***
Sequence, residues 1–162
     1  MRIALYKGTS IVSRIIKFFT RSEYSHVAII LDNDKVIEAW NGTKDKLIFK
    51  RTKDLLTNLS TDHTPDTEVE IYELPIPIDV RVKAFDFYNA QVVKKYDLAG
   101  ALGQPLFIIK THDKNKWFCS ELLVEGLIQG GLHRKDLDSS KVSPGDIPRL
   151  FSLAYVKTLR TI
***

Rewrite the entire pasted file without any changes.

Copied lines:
Sequence, residues 1–162
     1  MRIALYKGTS IVSRIIKFFT RSEYSHVAII LDNDKVIEAW NGTKDKLIFK
    51  RTKDLLTNLS TDHTPDTEVE IYELPIPIDV RVKAFDFYNA QVVKKYDLAG
   101  ALGQPLFIIK THDKNKWFCS ELLVEGLIQG GLHRKDLDSS KVSPGDIPRL
   151  FSLAYVKTLR TI